The function of the screen of the present invention will now be described.
A luminous flux (A, A') projected from the light source of a projector reaches the area of the convex lenticular surface 5 and a part of it is reflected, by the diffusing specular surface 4 formed on the convex lenticular surface 5, in various directions to form diffused reflection light (B, B'). The remaining part of the projected luminous flux passes through the base plate 1 without absorption loss, as the diffusing specular surface 4 is formed integrally with the base plate and therefore has excellent light transmitting efficiency, and focuses on the specular surface 2, then passes again through the base plate 1 and returns to front viewers. A part of the returning light is diffusingly reflected by the diffusing specular surface 4.
Thus, the luminous flux (A, A') is diffusingly reflected twice, as shown by the diffused reflection light (B, B') and (C, C'), in a direction perpendicular to the vertical lines of the lenticulars 5. As the lenticulars are disposed side by side in a transverse direction, a wide diffusion angle in a transverse direction is attained and thereby a high diffusion luminance is obtained.
The diffusing specular layer 4 should have a relatively low diffusing effect so as to give high luminance for the front viewers and at the same time to attain wide diffusion in a transverse direction. Experiments show that when 10 to 20% of the projected luminous flux is diffusingly reflected, desirable results, i.e. wide angle diffusion and high luminance, are obtained.
FIG. 5 is a graph showing reflection luminance at various angles, as the results of the experiments. The vertical axis of the graph indicates relative reflection luminance in a vertical direction, while the horizontal axis indicates relative reflection luminance in a transverse direction. The curved line (a) in the graph shows the performance of the screen of the present invention, the curved line (b) shows the performance of Ektalite screen sold by Kodak Company and the curved line (c) shows the performance of a white mat screen. It is shown that the screen of the present invention presents high luminance in a wide range of angles, while with Ektalite screen, luminance decreases rapidly as the angle of viewing increases, and luminance with the white mat screen is very low.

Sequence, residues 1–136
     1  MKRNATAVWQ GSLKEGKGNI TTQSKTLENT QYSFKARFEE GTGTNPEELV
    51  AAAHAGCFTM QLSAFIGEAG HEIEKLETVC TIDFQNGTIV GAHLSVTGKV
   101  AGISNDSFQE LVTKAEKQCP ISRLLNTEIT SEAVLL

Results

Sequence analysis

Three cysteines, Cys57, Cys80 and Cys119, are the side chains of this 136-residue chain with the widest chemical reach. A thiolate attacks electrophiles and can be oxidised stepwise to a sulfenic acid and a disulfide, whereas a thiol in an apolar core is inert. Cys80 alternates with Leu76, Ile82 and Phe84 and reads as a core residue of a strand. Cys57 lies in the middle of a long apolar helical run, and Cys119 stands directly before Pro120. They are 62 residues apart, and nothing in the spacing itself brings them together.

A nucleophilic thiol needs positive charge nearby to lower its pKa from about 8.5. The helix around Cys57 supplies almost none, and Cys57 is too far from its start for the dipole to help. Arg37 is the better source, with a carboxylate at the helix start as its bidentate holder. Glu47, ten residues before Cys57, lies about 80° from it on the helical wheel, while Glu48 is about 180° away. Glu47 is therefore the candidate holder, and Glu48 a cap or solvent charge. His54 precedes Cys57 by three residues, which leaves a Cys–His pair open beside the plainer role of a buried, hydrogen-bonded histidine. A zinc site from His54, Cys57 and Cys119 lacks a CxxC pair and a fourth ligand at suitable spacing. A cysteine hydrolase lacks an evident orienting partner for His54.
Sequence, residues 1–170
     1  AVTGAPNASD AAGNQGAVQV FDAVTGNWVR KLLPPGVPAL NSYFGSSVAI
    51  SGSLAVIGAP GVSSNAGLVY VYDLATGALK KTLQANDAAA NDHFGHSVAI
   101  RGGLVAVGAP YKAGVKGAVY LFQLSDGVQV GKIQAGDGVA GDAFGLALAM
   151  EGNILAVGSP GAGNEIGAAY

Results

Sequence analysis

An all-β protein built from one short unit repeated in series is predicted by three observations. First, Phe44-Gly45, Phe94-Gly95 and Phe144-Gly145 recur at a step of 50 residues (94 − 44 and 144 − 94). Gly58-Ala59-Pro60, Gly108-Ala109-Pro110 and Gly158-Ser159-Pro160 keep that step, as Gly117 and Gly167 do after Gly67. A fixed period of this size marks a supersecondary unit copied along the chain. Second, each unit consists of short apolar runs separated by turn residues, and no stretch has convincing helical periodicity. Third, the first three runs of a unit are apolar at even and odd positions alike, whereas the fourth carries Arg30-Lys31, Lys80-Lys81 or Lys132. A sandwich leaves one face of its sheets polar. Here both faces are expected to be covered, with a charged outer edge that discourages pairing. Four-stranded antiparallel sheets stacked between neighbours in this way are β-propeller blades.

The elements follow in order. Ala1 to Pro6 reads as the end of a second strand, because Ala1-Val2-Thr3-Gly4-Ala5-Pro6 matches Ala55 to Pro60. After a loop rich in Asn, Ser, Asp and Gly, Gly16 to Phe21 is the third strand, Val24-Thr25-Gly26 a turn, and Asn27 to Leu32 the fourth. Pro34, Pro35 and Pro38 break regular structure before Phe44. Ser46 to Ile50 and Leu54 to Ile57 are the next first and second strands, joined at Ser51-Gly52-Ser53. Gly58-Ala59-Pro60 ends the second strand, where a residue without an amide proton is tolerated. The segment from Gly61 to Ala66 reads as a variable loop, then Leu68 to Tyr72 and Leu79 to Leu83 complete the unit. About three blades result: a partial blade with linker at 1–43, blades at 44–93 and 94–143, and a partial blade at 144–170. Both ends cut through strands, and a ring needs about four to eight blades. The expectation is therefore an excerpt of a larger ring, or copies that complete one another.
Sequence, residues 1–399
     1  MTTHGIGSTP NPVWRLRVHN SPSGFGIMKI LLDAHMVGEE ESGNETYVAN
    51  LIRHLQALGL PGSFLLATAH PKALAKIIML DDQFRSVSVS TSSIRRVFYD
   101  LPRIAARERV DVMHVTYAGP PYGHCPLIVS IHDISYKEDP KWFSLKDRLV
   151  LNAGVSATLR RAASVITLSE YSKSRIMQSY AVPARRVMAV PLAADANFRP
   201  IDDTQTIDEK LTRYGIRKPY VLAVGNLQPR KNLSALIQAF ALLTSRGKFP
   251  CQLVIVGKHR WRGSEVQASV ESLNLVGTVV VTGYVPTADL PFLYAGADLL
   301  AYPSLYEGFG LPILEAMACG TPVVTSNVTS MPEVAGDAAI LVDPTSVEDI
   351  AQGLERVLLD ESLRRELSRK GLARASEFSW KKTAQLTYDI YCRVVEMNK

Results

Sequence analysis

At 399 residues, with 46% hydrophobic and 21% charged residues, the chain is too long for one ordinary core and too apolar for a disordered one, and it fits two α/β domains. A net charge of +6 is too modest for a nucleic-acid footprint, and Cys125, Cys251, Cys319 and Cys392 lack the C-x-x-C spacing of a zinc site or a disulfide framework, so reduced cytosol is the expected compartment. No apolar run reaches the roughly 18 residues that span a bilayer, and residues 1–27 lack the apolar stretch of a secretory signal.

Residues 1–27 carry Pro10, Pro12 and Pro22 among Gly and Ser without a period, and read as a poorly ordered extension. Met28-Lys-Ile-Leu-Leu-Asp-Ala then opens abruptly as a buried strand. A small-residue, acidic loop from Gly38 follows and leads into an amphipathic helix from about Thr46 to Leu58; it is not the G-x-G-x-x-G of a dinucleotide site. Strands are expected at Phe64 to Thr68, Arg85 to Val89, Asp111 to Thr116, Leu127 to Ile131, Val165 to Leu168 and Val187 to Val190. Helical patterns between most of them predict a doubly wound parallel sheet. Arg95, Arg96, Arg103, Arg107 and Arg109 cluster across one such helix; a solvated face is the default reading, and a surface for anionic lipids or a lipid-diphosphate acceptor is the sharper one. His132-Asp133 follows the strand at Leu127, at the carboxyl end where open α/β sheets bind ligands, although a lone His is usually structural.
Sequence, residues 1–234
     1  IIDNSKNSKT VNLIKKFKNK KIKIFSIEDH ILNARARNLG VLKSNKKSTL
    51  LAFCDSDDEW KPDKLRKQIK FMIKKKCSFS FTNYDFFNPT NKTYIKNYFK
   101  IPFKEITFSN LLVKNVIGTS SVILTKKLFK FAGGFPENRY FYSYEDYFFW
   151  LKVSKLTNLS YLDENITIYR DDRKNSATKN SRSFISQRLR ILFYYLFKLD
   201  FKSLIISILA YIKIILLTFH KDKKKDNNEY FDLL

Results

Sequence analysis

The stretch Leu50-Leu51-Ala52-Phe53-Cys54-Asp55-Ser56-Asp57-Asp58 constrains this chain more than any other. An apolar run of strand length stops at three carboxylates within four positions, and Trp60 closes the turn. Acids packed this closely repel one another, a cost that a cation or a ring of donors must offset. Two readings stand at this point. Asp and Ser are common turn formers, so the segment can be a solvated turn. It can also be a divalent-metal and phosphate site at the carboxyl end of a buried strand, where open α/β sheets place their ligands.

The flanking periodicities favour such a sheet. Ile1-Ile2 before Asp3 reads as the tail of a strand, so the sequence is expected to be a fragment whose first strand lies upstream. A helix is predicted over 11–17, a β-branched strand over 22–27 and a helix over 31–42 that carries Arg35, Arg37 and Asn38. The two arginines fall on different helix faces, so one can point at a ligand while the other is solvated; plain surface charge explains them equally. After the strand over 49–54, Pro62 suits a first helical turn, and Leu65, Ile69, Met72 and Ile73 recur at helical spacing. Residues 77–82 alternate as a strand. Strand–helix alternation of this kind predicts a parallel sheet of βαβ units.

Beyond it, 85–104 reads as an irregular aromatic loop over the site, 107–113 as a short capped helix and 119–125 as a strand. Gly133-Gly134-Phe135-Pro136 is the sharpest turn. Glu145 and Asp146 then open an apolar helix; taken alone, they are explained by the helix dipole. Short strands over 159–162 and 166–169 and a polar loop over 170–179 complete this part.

It is an object of the present invention to provide a screen suitable for use in a daylight room and which provides high luminance and a wide range of diffusion.
It is another object of the present invention to provide a screen which provides high luminance and a wide range of diffusion, wherein a specular surface is provided by a thin coating of aluminum or the like which is formed on one side of a base plate by vacuum evaporation, said base plate being made of a transparent thermoplastic resin, said thin coating is lined with a thin sheet of a flexible synthetic resin such as polyvinyl chloride thereby to protect the thin specular surface and to facilitate the subsequent processing, a finely sandblasted surface is provided on the other side of the base plate opposite to the side on which the aluminum thin coating is formed, thereby forming a light transmitting, diffusing specular surface, and the diffusing specular surface is formed by rolling into a continuous lenticulars having a convex surface.